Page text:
Aifa council member writes to PM over false claims ‘culture’
Neil Liversidge warns that once people accept that “fraud is okay” it will take a lot to change that perspective.
An Aifa council member has written an open letter to prime minister David Cameron warning that a “free money” culture driven by ubiquitous claims management company advertising is catalysing a trend of false claims against financial services firms.
Neil Liversidge, Association of Independent Financial Advisers council member and managing director of Castleford-based West Riding Personal Financial Solutions, details in the letter his experience with fraudulent claims.
In one example, Mr Liversidge says he recently received a complaint about mortgage advice given by one of his advisers, which he believes is a fraudulent claim.
In November 2006, he was approached by a man who was looking for a mortgage for his elderly mother, who was looking for a mortgage that would allow her to live in her property for the remainder of her life. She had no intention of paying the mortgage, so the firm found her an interest-only mortgage.
As the mother was in “considerable distress” about this situation, Mr Liversidge’s firm did the case for a standard advice fee of £295 plus whatever procuration fee was generated.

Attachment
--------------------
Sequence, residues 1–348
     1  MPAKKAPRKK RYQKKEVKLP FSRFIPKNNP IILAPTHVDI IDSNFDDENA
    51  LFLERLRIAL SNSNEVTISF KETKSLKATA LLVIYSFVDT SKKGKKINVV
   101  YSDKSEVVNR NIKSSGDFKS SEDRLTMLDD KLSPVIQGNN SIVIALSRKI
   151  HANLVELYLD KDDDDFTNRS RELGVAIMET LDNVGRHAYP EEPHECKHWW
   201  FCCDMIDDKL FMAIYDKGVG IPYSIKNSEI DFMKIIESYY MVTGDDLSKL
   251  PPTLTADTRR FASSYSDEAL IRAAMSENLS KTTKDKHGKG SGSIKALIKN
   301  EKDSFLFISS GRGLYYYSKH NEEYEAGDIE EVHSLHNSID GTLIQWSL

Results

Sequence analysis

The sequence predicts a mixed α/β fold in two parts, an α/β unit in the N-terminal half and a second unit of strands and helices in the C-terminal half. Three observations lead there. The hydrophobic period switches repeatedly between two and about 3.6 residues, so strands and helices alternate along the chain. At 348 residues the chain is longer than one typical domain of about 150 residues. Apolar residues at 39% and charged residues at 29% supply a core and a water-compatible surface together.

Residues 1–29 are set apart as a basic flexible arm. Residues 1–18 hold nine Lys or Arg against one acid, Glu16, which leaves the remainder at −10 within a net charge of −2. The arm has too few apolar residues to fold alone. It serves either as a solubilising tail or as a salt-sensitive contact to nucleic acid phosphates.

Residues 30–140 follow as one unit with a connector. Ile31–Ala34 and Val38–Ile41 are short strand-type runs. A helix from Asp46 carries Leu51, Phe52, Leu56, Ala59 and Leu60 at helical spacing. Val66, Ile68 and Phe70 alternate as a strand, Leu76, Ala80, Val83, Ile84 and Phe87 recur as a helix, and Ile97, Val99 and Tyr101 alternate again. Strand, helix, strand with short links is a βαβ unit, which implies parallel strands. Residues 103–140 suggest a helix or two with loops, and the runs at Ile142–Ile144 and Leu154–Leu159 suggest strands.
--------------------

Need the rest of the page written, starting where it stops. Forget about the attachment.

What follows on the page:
Every year since, the IFA firm has written to the client offering a meeting “at our expense” in case she had any financial concerns but, according to Mr Liversidge, this has either been declined or ignored. Recently, he received a letter from a CMC on behalf of the client, complaining about the advice given. Mr Liversidge has rejected the complaint.
He said: “When making it, the claims management firm threatened that if we didn’t throw some cash at them it would go to the Fos so I presume it will, and we will fight it there. If we lose we might as well shut the business and every other IFA might as well do likewise, because the message will be pretty clear that we are just cash cows for crooks to milk.”
Mr Liversidge also recently received a call from a different client, asking whether she can get her premiums back from a decreasing mortgage protection assurance using this “PPI thing”.
He went on to explain how PPI was different to this and why some claims are valid and others are invalid but because the client has claims firms ringing and texting “telling us it’s free money” and stating that they will “tell us what to put on the form”, she believed she was entitled to it.
The Ministry of Justice’s Claims Management Regulator recently launched a consultation proposing tough new rules on claims management firms, including plans to end the practice of agreeing verbal contract agreements to submit complaints before fees are taken.
Mr Liversidge told FTAdviser: “Suspend the licence of every CMC immediately - today - pending a wholesale re-think as to how the sector is regulated.”